Three Centuries of Categorical Data Analysis: Log-linear Models and Maximum Likelihood Estimation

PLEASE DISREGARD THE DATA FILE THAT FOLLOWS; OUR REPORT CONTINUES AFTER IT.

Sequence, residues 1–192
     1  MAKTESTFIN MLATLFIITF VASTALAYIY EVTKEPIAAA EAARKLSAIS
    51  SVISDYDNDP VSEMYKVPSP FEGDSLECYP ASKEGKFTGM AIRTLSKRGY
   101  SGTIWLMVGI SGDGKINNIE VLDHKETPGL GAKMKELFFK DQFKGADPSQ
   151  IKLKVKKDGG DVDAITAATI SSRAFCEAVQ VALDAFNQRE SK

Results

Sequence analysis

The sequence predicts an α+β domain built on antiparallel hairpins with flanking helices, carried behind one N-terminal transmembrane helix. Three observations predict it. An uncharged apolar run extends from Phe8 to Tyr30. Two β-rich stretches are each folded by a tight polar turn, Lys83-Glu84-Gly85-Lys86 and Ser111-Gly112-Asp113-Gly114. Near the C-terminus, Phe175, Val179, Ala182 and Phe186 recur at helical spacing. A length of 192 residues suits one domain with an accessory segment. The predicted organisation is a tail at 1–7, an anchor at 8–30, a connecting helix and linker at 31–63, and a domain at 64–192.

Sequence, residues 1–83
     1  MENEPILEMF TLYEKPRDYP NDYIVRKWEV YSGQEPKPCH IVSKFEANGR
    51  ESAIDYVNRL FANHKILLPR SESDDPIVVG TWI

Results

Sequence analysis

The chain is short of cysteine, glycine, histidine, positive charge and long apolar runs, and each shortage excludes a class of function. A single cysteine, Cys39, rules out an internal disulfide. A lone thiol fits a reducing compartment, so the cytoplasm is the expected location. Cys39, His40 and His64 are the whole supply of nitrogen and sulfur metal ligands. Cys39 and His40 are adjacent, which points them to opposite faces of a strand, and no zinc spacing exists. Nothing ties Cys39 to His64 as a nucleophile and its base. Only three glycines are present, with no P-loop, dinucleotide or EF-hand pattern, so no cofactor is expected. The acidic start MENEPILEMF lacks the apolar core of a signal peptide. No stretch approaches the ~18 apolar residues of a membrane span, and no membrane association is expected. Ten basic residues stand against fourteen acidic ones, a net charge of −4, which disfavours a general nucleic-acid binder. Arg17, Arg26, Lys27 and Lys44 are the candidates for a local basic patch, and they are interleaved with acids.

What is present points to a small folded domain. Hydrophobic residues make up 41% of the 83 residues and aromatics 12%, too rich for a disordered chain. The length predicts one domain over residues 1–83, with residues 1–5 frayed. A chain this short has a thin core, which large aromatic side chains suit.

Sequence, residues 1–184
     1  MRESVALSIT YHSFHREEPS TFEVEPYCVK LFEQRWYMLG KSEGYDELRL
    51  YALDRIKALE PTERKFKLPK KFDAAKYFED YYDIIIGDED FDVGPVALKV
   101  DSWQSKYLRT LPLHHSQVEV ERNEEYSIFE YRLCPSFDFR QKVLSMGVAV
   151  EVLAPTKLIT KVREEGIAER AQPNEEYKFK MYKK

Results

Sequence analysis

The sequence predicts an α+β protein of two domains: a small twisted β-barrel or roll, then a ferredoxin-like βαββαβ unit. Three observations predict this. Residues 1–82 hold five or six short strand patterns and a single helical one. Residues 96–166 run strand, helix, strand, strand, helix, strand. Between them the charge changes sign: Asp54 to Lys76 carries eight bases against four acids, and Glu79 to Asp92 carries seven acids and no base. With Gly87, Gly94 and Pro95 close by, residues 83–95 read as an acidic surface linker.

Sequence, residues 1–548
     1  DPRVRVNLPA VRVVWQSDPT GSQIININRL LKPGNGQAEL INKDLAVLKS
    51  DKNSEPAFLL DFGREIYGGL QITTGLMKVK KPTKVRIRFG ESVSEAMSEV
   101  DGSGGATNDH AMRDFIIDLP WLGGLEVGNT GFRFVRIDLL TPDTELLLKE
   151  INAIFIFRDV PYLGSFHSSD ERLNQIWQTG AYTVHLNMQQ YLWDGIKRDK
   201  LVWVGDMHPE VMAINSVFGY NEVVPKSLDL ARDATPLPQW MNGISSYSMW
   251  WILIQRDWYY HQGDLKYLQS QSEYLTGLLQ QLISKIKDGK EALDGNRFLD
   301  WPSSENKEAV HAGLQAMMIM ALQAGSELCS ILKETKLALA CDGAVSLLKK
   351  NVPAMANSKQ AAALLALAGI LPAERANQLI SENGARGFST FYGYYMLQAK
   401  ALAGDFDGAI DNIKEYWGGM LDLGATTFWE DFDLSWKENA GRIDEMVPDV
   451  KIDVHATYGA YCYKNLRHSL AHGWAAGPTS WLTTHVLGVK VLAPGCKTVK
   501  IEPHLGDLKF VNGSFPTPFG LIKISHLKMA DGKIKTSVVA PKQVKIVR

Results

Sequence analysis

The common view of the history of contingency tables is that it begins in 1900 with the work of Pearson and Yule, but it extends back at least into the 19th century. Moreover it remains an active area of research today. In this paper we give an overview of this history focussing on the development of log-linear models and their estimation via the method of maximum likelihood. S. N. Roy played a crucial role in this development with two papers co-authored with his students S. K. Mitra and Marvin Kastenbaum, at roughly the mid-point temporally in this development. Then we describe a problem that eluded Roy and his students, that of the implications of sampling zeros for the existence of maximum likelihood estimates for log-linear models. Understanding the problem of on-existence is crucial to the analysis of large sparse contingency tables. We introduce some relevant results from the application of algebraic geometry to the study of this statistical problem.